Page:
Hurrah for Ninh Binh, at last, the real Vietnam; after all, that’s why everyone goes there.
So after I had spent most of the morning in Hanoi, finding a new camera (good cameras are expensive in Vietnam). There is no English on the menu but it’s almost the same as my old one so I know how to use it anyway. I took the train to Ninh Binh, which was a pleasant and relaxing experience, once there I chatted with some people in the nearest bar I could find and got a lift on the back of a Cedric?s motorbike to my hotel, Cedric was to be my companion for most of my time in Ninh Binh.
Ninh Binh is a quiet little place by Vietnamese city standards, so expect it to be dirty, noisy but not have much to do other than head down to the river for Bia Hoi in the evening. On the other hand if you hire a motorbike and head out into the countryside, you ride through rice paddies and rock formations to rival Halong Bay.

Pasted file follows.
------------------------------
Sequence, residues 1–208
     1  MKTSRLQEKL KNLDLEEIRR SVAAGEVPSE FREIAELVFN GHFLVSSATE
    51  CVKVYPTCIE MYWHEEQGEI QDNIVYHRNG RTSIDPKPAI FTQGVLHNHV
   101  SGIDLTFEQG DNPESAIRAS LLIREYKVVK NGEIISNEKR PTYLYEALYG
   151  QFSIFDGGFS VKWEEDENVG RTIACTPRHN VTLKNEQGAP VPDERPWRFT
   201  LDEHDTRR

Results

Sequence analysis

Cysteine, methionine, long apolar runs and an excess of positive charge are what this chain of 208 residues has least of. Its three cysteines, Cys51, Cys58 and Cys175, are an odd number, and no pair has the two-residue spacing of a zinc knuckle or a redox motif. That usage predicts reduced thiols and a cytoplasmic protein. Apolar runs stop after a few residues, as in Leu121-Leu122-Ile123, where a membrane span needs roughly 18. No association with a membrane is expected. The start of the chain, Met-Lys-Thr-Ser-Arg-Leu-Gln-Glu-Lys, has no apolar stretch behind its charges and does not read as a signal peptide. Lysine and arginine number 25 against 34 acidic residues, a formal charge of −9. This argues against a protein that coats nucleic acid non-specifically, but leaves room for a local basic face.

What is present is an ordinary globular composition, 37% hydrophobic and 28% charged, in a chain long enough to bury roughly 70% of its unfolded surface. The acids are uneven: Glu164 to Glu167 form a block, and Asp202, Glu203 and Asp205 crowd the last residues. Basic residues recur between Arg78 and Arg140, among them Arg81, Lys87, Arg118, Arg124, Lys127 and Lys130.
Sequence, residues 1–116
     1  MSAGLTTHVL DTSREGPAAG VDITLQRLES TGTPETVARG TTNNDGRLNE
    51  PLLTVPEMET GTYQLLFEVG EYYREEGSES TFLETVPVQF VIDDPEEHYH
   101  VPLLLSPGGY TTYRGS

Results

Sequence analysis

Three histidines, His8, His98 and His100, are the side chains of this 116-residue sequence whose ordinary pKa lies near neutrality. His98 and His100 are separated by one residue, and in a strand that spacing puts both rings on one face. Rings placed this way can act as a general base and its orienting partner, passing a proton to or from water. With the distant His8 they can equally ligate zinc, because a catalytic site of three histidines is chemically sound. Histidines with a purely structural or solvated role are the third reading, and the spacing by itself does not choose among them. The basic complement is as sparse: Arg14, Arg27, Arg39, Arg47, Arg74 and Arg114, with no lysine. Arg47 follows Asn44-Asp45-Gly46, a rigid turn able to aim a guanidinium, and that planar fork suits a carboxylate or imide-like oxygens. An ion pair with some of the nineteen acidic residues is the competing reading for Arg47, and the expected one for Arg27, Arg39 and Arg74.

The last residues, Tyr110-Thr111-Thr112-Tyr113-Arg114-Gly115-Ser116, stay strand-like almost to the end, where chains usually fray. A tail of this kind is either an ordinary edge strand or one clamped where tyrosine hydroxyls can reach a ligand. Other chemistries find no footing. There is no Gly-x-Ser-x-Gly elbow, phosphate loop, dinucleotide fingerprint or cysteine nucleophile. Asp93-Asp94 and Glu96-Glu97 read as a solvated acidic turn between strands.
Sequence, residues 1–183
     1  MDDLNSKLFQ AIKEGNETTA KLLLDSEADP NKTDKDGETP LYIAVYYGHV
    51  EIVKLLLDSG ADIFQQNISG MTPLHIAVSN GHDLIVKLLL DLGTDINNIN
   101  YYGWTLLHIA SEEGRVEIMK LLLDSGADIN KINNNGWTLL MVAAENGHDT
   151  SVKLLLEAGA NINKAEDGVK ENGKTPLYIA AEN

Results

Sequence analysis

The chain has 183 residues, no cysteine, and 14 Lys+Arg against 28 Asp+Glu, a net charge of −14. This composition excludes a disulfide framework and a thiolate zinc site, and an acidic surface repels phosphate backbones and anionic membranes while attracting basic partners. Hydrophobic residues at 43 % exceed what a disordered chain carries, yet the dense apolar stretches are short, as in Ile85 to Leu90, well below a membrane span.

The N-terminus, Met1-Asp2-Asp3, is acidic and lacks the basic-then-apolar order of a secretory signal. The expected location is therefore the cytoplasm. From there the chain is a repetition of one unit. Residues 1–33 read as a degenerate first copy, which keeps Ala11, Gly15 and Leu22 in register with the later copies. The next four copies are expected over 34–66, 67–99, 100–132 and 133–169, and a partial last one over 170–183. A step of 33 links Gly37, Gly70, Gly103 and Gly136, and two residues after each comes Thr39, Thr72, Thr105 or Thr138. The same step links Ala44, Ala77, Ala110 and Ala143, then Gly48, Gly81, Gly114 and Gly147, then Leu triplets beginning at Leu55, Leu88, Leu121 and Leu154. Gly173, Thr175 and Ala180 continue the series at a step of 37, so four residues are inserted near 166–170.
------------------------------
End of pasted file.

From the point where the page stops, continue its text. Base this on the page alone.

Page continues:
On my first full day Cedric and I rented motorbikes and rode off into the backstreets where we discovered that the Vietnamese are building the largest Buddhist temple in the world before we headed up to the National park. The next day I rented a motorbike again and went with an Auzzie called Peter for a river cruise and toured the back roads some more.
The next morning I took the bus back to Hanoi, to my surprise the bus actually came to the hotel to pick me up. It dropped me at a bus station just outside Hanoi and after some confused running around I got a taxi to the airport for my flight to Siem Reap.
Rosko recommends: Go to Ninh Binh, but do it before everyone else finds it.
Food of the stay: Back to standard fare for Vietnam.